Dear Access member,
We’ve got a really short one for you today. Have a great weekend and we’ll be back on Monday with our usual summary of the weekend’s news.
—Jeremy Goldkorn and team
1. ‘Terrorism’: The only field where Beijing and Washington cooperate
Nikkei Asian Review reports (porous paywall):
The decision this week by the U.S. to name a Pakistani separatist group as a terrorist organization is seen by analysts as part of a backdoor deal between Washington and Beijing, after China allowed a United Nations Security Council resolution against a Pakistan-based militant leader.
The U.S. State Department on Tuesday issued the terrorist designation on the Balochistan Liberation Army, or BLA, following attacks on Chinese-funded Belt and Road Initiative projects in Pakistan’s southern Balochistan province. The move will expose and isolate organizations and individuals associated with the insurgent group and deny them access to the U.S. financial system.
Pakistan is home to the largest BRI infrastructure projects in South Asia, and the U.S. decision is seen as a victory for China.
Earlier on SupChina:
India and Pakistan scramble jets as China watches uneasily (February 2019)
Balochistan Liberation Army attacks Chinese consulate in Pakistan (November, 2018)
—Jeremy Goldkorn, Editor-in-Chief
Here are the stories that caught our eye this week:
Trump tweeted a truce in the U.S.-China techno-trade war last weekend. As Bloomberg notes (porous paywall): “The White House has yet to reveal details of Trump’s arrangement with Xi, leaving uncertainty about how the two countries will proceed.”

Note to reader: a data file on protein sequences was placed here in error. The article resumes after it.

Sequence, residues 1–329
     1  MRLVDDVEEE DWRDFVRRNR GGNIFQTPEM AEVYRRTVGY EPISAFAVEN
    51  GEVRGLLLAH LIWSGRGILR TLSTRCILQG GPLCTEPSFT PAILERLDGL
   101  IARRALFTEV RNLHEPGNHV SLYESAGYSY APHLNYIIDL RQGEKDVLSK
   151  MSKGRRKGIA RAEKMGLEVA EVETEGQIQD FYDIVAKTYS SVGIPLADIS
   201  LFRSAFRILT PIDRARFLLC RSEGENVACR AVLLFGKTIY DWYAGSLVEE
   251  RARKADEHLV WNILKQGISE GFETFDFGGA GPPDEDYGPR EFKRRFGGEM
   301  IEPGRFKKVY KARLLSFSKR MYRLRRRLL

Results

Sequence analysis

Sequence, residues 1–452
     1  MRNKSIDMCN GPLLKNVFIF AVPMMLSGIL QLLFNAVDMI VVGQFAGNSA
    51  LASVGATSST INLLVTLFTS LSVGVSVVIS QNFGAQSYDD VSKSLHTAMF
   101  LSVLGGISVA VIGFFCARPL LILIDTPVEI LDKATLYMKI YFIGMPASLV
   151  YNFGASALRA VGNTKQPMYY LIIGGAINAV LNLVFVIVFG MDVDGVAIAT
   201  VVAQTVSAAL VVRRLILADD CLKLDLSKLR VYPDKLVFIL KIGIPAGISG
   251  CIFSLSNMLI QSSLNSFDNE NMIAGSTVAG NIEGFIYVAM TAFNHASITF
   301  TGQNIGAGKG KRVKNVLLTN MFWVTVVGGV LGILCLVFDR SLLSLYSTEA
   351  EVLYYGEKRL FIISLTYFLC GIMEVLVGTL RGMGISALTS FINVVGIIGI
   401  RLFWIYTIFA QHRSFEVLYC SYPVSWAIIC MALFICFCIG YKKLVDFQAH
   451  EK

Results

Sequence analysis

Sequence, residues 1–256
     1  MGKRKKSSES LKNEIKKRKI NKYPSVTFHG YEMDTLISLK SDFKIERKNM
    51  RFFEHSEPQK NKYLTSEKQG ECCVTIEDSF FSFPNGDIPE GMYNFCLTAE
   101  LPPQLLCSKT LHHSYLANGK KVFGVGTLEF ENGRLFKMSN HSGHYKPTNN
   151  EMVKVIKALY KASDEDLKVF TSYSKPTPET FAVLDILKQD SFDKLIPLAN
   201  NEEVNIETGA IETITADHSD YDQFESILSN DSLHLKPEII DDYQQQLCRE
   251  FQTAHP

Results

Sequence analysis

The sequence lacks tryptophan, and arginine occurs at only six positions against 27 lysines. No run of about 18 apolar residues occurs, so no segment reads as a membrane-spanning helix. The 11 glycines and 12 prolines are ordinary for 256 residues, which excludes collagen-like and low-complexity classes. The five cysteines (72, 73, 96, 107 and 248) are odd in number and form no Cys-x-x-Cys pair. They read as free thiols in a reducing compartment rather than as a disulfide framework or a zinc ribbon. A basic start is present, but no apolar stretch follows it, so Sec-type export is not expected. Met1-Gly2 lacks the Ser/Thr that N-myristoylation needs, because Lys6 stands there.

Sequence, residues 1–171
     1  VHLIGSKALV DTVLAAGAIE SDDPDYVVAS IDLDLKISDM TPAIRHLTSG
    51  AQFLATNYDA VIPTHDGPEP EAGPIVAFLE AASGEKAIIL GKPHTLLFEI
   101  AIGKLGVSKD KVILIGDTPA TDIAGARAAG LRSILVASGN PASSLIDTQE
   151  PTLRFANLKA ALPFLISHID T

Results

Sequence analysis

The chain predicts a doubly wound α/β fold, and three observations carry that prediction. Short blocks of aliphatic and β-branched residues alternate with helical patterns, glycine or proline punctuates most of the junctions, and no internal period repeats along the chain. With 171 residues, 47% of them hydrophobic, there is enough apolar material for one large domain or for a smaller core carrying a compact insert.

Hong Kong continues to seethe as young protestors — frustrated by lack of government action — turn to more destructive tactics.
Turkish President Recep Tayyip Erdoğan visited China on Tuesday. State media cited him praising the “happy lives” of people of all ethnicities in Xinjiang. In recent years, Turkey has never seemed to be able to really make up its mind over whether to firmly stand with the Uyghurs, which Turks consider their kin, or whether to sweep its current existential cultural crisis at the hands of Beijing under the rug — in favor of better ties with Beijing.
David Bandurski of the China Media Project writes: Reading the official propaganda from Beijing in the wake of last week’s G20 Summit in Osaka, one might have the impression that the Group of Twenty is actually now the “1+19,” and that this “premier forum for international economic cooperation” relies on the forcefulness, grace, and wisdom of China’s top leader, Xí Jìnpíng 习近平.
Scholar Adrian Zenz has published a new paper on the internment camps in Xinjiang, which he says is “packed with strongly incriminating evidence on the nature and extent of the internment campaign,” and based on detailed government sources. It’s titled “Brainwashing, police guards and coercive internment: Evidence from Chinese government documents about the nature and extent of Xinjiang’s ‘Vocational Training Internment Camps.’”
A series of recent cancellations of Chinese movies has sparked speculation that there is growing pressure on filmmakers from forces outside of SAPPRFT.
The family of Zhōu Yǒngkāng 周永康 is back in the news: The wife of his son Zhōu Bīn 周滨, Huáng Wǎn 黄婉, has been tweeting up a storm. Since as early as June 22, she has been protesting her treatment by the Chinese government. She says she was detained, sometimes in a cell, for more than two years after police raided a family apartment in 2013, and is now subject to an exit ban on what she describes as trumped-up charges.
A crackdown on the spread of “weed culture” is happening in China. This week, China Youth Daily published an article titled Don’t use “cannabis culture” to absolve yourself of law violations and crimes, warning Chinese young people of the health risks and legal consequences of weed use.
Chinese billionaire Wáng Zhènhuá 王振华, the chairman of real estate enterprise Future Land, has been detained by Shanghai police on charges of child rape.